Forward Looking Statements This press release contains, in addition to historical information, forward-looking statements within the meaning of the Private Securities Litigation Reform Act of 1995. These statements relate to future events or future financial performance, and use words such as "may," "estimate," "could," "expect" and others. They are based on our current expectations and are subject to factors and uncertainties which could cause actual results to differ materially from those described in the statements. Factors that could cause our actual performance to differ materially from those discussed in the forward-looking statements include, among others: incurrence of operating losses since our inception, uncertainty as to adequate financing of our operations, extensive and costly regulatory oversight that could restrict or prevent product commercialization, inability to achieve commercial product acceptance, inability to protect our intellectual property, dependence on strategic partnerships, product competition, and others stated in risk factors contained in our SEC filings. We cannot assure that we have identified all risks or that others may emerge which we do not anticipate. You should not place undue reliance on forward-looking statements. Although subsequent events may cause our views to change, we disclaim any obligation to update forward-looking statements.

SOURCE: Galectin Therapeutics

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Project Walks Primary Care Providers Through Toughest Cases

By: SHERRY BOSCHERT, Family Practice News Digital Network

On 5 p.m. on the day before Thanksgiving, Dr. Alan Caroe, a general practitioner in Las Cruces, N.M., had to decide whether to prescribe an opiate medication to "a very smooth individual from out of town who had a story that was just barely plausible."

Dr. Caroe felt he had insufficient expertise in opioid management, an area that’s complex and difficult and fraught with risk but also an opportunity to help patients in chronic pain, he said in an interview. He needed a quick consultation, but who would answer the phone on that day, at that hour?

Experts at the chronic pain and headache clinic at Project ECHO (Extension for Community Healthcare Outcomes), that’s who. They walked him through the complex issues in the case, which led him to retract an opiate prescription that he initially had phoned into a pharmacy for this patient.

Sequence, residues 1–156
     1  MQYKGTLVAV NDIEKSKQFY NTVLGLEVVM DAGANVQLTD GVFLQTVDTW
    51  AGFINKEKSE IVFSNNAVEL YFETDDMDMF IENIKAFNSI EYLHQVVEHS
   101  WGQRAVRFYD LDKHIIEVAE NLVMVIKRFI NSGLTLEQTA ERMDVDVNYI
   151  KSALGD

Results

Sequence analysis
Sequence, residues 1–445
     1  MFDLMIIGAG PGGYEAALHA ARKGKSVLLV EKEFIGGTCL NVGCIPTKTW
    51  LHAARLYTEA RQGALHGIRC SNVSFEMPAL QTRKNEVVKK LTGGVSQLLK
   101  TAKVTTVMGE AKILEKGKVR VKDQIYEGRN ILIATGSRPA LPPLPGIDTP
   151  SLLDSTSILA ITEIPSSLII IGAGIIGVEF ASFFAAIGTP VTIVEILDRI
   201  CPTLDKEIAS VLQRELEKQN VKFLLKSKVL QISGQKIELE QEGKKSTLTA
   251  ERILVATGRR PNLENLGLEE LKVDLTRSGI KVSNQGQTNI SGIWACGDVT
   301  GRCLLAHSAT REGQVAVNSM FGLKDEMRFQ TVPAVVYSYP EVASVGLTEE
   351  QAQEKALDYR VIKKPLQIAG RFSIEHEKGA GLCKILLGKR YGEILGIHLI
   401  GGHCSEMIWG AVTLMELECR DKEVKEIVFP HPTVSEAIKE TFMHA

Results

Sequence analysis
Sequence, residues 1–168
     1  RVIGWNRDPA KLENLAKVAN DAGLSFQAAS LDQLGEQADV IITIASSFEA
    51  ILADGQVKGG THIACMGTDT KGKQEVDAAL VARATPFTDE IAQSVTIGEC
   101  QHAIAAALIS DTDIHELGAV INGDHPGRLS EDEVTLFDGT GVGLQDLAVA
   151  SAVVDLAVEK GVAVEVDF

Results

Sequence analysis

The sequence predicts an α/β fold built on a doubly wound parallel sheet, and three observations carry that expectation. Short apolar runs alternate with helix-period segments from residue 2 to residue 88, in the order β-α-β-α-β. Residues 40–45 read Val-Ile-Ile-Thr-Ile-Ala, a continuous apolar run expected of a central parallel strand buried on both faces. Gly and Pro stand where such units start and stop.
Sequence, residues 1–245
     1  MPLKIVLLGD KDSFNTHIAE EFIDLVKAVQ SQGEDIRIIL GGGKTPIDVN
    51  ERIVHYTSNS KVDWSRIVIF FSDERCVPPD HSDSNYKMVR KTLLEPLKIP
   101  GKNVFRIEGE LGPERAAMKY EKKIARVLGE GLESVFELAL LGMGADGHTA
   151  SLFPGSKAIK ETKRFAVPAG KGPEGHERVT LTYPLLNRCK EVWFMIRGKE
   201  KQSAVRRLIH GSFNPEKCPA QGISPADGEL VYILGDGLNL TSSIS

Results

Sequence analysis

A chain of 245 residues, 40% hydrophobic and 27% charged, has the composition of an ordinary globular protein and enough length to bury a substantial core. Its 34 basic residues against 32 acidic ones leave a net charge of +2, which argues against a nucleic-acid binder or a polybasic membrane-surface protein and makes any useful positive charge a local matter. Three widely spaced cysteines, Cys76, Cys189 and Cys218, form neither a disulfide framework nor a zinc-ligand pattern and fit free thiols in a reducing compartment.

Real-time consultations are only a part of Project ECHO, an award-winning program based at the University of New Mexico in Albuquerque. In addition, the program provides weekly videoconferences, not only to discuss cases but also to educate and mentor community physicians to take on frontline management of chronic diseases in their geographic areas.

The aim is to act as a multiplier, and to expand the health system’s capacity to manage common, chronic, but complex diseases, Dr. Sanjeev Arora explained in a presentation at the annual meeting of the American Academy of Pain Medicine. New Mexico’s 1.8 million people are spread across 121,000 square miles, and 32 of the state’s 33 counties are listed as medically underserved areas.

Project ECHO began with a focus on improving the care of patients with hepatitis C, and its success has spawned Project ECHO programs for asthma, rheumatology, HIV infection, cardiac risk reduction, chronic pain management, geriatrics, palliative care, substance abuse, prevention of teenage suicide, high-risk pregnancy, childhood obesity, child psychiatry, psychotherapy, antibiotic stewardship, and ethics consultation. More than 400 clinical sites can now connect with Project ECHO.

The Project ECHO model has been cloned by the University of Washington in Seattle, the U.S. Veterans Health Administration, the U.S. Department of Defense, and the country of India, among other entities. The focus is not just on helping rural areas; the University of Chicago’s project works with urban physicians in the community to improve the care of black patients with difficult-to-treat hypertension, whose numbers would overwhelm the limited number of specialists.

When the project’s director, Dr. Arora, a gastroenterologist and hepatologist, founded Project ECHO in 2002, an estimated 28,000 people in the state had hepatitis C, and patients faced an 8-month waiting list to be seen at Dr. Arora’s specialty clinic, which often required traveling long distances. The project has conducted more than 500 "telehealth clinics" on hepatitis C, and has helped get more than 5,000 patients into hepatitis C treatment who previously had no access to care, said Dr. Arora, a professor of medicine at the University of New Mexico.

"We want to transform the nature of what primary care looks like in the United States," he said.